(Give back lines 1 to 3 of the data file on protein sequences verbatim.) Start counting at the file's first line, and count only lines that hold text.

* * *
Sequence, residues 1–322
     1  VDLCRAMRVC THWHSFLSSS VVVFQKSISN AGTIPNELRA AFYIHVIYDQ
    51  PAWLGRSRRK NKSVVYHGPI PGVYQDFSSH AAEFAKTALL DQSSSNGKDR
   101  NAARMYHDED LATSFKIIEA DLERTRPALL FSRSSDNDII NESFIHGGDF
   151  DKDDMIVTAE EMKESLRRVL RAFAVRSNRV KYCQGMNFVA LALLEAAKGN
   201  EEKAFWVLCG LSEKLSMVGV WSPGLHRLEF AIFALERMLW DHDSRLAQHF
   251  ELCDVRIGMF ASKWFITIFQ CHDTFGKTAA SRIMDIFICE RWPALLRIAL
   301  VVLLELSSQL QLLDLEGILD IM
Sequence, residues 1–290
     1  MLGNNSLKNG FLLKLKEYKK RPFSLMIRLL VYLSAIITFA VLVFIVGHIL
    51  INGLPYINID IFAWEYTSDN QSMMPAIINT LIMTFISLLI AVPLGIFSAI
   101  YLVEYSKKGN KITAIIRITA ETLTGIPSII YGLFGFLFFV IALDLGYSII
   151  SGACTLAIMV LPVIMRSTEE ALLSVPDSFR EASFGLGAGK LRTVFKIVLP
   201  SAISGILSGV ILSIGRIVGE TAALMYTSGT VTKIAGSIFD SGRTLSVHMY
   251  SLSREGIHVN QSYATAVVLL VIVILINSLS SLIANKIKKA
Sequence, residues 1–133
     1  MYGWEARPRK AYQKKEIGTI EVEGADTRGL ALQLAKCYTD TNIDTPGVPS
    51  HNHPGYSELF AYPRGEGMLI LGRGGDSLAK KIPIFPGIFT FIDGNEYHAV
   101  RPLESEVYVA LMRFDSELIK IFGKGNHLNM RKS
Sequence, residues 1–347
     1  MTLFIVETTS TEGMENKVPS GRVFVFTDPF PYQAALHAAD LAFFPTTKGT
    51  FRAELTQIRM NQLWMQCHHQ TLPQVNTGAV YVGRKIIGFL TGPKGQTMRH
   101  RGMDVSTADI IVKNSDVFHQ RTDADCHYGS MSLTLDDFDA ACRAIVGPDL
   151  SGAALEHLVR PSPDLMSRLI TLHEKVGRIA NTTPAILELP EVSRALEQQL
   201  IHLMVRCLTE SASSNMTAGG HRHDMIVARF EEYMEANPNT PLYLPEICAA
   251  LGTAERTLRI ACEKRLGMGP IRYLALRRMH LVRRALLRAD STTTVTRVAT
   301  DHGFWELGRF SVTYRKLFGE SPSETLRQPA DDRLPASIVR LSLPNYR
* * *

Sequence, residues 1–322
     1  VDLCRAMRVC THWHSFLSSS VVVFQKSISN AGTIPNELRA AFYIHVIYDQ
    51  PAWLGRSRRK NKSVVYHGPI PGVYQDFSSH AAEFAKTALL DQSSSNGKDR